Electoral law prohibits opinion polls from being published four days ahead of the Venezuelan elections, but the most recent polling results reveal markedly different figures. Datanalisis has Chávez polling at 49 percent compared to Capriles’ 39 percent, while Consultores 21 poll shows Capriles in the lead with 47.7 percent versus Chávez’ 45.9 percent.
Despite assurances to the contrary from the Chávez-dominated National Electoral Council, some suspect their ballots won’t be kept confidential. This is due in part to la Lista de Tascón, a private list of some 2 million people who had supported a 2004 plebiscite against President Chávez that was later publicly released by Venezuelan deputy Luis Tascón. Many state employees whose names appeared on the list were subsequently dismissed. Maribel Rodríguez, a 42-year-old homemaker who lives in the poor neighborhood of Catia west of the capital said, “My husband tells me he is obliged to vote for Chávez because he works with the government. What sort of democracy do we have?” The Venezuelan government currently employs at least 2.4 million people.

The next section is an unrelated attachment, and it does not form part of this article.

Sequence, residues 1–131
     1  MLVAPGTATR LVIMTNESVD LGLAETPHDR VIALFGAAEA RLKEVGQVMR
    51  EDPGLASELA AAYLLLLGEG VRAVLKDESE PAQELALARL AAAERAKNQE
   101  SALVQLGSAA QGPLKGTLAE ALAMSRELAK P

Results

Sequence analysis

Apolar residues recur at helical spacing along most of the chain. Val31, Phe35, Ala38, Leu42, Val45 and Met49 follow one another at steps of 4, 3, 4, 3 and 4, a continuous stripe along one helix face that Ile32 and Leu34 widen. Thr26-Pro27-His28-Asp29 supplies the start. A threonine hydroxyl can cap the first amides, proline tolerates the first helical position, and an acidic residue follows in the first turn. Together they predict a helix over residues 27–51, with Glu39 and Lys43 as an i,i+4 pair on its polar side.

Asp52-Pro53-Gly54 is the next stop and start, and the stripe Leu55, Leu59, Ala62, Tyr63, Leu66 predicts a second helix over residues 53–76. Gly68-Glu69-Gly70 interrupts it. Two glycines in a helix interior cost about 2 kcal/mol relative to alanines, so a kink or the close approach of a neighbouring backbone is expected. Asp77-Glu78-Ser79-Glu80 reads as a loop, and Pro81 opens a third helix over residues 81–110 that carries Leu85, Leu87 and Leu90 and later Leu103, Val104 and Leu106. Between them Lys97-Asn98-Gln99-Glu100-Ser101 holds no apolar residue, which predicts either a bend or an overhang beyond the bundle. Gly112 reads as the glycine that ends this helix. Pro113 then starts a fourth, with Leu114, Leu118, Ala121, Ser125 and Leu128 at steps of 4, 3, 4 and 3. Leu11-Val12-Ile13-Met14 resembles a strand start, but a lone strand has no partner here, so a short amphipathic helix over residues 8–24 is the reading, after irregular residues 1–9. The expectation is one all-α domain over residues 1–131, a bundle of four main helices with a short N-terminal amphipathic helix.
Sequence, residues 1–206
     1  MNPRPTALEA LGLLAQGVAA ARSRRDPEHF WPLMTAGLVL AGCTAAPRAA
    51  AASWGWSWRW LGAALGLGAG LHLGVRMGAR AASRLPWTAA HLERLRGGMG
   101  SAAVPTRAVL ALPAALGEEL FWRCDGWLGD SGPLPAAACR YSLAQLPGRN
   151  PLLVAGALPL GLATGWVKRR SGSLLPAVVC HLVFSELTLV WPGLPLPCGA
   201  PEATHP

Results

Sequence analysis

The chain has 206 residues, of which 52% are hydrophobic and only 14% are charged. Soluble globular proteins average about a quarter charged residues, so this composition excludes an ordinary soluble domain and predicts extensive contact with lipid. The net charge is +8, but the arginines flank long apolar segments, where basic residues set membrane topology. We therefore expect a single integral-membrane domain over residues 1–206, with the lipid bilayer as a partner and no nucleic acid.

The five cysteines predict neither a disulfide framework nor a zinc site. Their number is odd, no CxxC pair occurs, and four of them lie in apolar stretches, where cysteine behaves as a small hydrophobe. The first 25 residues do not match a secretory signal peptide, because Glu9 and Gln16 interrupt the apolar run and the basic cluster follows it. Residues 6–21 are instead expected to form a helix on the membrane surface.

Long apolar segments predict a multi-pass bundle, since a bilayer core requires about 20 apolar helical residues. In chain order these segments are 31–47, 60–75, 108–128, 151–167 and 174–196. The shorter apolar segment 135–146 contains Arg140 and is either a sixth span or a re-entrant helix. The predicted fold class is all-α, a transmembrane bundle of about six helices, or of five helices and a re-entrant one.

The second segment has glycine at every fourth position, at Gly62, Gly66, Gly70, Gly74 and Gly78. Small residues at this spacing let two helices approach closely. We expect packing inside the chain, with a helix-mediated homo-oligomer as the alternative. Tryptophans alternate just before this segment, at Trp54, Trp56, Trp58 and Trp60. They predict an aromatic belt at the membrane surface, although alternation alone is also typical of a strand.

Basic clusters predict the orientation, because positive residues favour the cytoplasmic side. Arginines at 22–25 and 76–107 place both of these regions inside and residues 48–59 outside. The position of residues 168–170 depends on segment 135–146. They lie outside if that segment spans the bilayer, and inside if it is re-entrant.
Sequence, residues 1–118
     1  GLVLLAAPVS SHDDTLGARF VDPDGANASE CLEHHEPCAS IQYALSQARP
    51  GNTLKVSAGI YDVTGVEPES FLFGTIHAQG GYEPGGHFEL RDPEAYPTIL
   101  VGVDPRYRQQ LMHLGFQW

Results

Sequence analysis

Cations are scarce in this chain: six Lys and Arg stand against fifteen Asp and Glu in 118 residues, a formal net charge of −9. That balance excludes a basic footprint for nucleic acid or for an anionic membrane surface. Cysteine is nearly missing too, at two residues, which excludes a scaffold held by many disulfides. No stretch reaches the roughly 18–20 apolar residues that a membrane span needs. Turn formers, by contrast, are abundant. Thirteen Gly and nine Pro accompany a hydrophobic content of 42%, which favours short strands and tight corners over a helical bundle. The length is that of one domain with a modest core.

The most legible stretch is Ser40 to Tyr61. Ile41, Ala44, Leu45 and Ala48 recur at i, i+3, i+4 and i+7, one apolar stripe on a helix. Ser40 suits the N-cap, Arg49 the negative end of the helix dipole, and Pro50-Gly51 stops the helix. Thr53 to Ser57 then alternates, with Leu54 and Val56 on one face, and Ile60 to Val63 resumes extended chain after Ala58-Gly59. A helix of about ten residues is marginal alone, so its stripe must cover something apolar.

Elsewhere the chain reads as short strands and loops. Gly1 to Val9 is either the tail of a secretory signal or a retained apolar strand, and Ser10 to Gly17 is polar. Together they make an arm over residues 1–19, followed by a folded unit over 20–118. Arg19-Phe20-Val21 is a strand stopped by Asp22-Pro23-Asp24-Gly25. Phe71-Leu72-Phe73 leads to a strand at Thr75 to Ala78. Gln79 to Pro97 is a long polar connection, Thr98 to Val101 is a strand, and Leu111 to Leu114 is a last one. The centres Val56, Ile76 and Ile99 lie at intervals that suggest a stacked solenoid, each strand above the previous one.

Motivated by Chavez’ daily assertions that his opponent will remove social benefits such as medical treatment, subsidized food and other components that have provided relief to the underprivileged, some citizens fear violence might occur if the incumbent loses the election. Government officials are fearful of losing their prominent position of power, facing criminal investigations or losing influence overnight if their patron is voted out of office.